Some of Dr. T. Michael W. Halcomb's Work:
Speak Biblical Greek
Learn to Speak Koine Greek
Learn to Speak Koine Greek
Learn to Speak Koine Greek
Learn to Speak Biblical Greek
Learn to Speak Biblical Greek
Kingdom Rhetoric - Available Soon!
Learn to Speak Biblical Greek
Learn to Speak Koine Greek
Learn to Speak Biblical Greek


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Before The Storms Touch Down: A Prayer

For Those Touched By The Havoc Of Hurricane Gustav:

Lord, there are a lot of idiots in this world. To be honest with you, sometimes I feel like I just can't take them any more. Lord, there are people in this world who claim to be yours that are harsh, crude and nonsensical. They attribute evil, hate, suffering, pain and death to you. Why? Why do they do that? God, as the hurricane presses forward and before the storms touch down here, I pray that you will give your people a sprit of gentleness and wisdom. Lord, may we weep, as the writer of old did on the shores of Babylon, weep with these people instead of heaping undue judgment upon their heads (and yours). God be with those who have already lost loved ones from this massive storm and protect those who have not. We cry out Lord: "Be a balm to the souls of many". Our Lord, who is not in the storm, in the midst of all of this chaos and tragedy, may Your name be glorified. In the name of the Father, Son and Holy Spirit, amen.
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Eschatology & Ethics

In your opinion, what is the relationship between eschatology & ethics? How does one affect the other or how do they both affect each other? Or, is there no relationship at all? What do you think?
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Original Sin Vs. Original Blessing

I mentioned a while back that, recently, I picked up Matthew Fox's book titled Original Blessing. While I shy away from Fox's mystical cosmology, I am intrigued by his argument that many of us have misunderstand Genesis 1-3 because we have emphasized "original sin" over humanity's "original blessing" (e.g. being created to live in relationship with God). What do you think of this conjecture? Is it accurate? Fox seems to want to do away with the notion of original sin altogether so that he can focus on original blessing. Is this going too far the other way? Does there need to be a balance? Any input on this matter?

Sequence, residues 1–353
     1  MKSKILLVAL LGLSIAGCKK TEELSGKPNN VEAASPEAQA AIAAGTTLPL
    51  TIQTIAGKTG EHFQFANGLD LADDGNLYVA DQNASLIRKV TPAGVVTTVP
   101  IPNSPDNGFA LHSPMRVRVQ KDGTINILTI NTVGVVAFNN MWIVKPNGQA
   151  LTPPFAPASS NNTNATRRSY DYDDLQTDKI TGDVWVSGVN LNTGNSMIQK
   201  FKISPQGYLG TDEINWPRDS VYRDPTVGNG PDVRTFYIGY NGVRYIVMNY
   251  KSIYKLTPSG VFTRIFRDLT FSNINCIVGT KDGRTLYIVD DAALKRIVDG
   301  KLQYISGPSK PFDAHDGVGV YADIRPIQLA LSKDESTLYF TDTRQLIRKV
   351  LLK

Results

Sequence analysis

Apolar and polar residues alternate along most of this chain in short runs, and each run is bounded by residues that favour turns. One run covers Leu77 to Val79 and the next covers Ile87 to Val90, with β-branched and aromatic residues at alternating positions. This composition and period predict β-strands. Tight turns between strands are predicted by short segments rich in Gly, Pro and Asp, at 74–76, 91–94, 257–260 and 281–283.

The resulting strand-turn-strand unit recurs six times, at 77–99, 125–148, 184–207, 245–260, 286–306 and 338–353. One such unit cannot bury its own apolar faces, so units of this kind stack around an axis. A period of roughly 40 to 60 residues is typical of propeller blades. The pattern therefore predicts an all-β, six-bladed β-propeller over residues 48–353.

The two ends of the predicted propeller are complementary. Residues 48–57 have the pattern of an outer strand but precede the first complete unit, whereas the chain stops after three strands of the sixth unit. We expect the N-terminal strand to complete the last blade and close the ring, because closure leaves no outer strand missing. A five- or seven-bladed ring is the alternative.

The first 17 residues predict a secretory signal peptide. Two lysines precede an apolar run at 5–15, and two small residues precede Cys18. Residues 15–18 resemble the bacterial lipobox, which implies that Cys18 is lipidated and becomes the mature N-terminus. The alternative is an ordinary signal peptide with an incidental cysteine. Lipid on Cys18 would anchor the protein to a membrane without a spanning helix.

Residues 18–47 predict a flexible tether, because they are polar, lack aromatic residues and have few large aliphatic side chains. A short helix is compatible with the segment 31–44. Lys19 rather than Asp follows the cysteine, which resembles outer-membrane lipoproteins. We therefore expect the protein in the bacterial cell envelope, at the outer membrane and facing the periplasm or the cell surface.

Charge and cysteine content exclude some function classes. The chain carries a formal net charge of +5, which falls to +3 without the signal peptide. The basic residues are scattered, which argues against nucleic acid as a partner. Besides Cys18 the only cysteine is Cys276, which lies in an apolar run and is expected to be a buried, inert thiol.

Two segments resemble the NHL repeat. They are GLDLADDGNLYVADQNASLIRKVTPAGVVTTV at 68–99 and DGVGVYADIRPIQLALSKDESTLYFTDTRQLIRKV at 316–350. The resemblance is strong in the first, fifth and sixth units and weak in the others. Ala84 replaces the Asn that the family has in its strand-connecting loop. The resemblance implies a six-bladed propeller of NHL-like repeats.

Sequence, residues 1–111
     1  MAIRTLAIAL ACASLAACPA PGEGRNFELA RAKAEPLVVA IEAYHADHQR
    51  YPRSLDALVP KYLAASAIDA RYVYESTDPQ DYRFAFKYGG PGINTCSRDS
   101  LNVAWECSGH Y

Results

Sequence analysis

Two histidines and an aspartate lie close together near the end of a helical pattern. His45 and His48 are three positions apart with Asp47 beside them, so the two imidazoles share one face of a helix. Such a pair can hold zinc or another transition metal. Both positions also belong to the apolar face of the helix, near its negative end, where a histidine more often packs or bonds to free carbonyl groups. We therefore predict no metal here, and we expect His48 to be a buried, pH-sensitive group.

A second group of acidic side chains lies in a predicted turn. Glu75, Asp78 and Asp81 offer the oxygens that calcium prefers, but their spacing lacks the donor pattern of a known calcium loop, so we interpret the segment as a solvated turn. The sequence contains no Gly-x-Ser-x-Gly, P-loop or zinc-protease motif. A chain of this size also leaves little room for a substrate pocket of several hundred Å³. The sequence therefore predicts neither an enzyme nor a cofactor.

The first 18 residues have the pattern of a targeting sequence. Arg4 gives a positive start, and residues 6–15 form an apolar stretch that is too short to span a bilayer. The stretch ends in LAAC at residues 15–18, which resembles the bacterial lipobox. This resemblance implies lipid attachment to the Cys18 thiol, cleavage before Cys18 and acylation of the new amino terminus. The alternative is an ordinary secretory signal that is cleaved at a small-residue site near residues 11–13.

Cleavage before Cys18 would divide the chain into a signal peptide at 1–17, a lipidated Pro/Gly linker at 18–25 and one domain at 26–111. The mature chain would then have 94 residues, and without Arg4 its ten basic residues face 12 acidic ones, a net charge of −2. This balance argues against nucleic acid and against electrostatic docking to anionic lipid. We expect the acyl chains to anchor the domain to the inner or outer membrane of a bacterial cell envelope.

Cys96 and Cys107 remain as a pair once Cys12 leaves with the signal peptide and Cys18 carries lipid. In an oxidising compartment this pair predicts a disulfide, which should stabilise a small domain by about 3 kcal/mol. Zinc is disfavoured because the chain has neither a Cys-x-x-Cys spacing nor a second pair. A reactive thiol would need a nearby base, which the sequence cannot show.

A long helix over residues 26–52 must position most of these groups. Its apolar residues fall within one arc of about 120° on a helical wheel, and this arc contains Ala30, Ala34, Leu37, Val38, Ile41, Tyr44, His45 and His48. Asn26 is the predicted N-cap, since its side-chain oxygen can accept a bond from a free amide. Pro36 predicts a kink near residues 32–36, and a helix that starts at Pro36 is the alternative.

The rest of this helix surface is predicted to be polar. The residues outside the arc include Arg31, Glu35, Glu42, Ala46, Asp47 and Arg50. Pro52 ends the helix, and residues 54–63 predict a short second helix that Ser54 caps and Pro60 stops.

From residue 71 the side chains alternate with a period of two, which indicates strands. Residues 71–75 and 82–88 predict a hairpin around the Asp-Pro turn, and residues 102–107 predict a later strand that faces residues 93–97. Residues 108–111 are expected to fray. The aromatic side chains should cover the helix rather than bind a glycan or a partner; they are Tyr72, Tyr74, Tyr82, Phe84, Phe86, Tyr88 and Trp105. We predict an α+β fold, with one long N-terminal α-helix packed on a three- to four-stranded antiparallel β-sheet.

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A Heads-Up On Biblioblog Carnival XXXIII

I just wanted to let everyone know that on September 1st at 9am, Biblioblog Carnival XXXIII will be posted here at Pisteuomen. It has been a fruitful month in the blogosphere and much ground has been covered by many people. I'm excited to host the carnival this month and I hope you find it both useful and helpful. Keep your eyes peeled.
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Pisteuomen: Movin' On Up

While Mark Goodacre boasted of 4-million visits to his site yesterday and James McGrath, 150,000, I picked up my thirty-thousandth. The number of visitors to the site has been climbing consistently for the last few months. I enjoy interacting with everyone and while blogging can be challenging every once in a while, I am constantly reminded of the good that Pisteuomen has accomplished. Thanks again for helping make the site a success!
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One-On-One German Tutoring Begins

Well, another benefit of moving to MI at this point in my life is that I have found a friend who, deeply studied and entrenched in the German language, has agreed to tutor me, one-on-one, just about every week. I am sooooo stoked about this! Thus, as time goes on, hopefully I will get around to posting some German stuff on here (maybe even about Mark's Gospel, like I wanted to a while back). I am also hoping that I will recall some of the things I learned in the German course I took last year so I can build on those. Anyway, our first session is this evening and I am quite looking forward to it. Maybe it will be a nice breather from the demands of parenting, working, reffing, etc. Yeah right!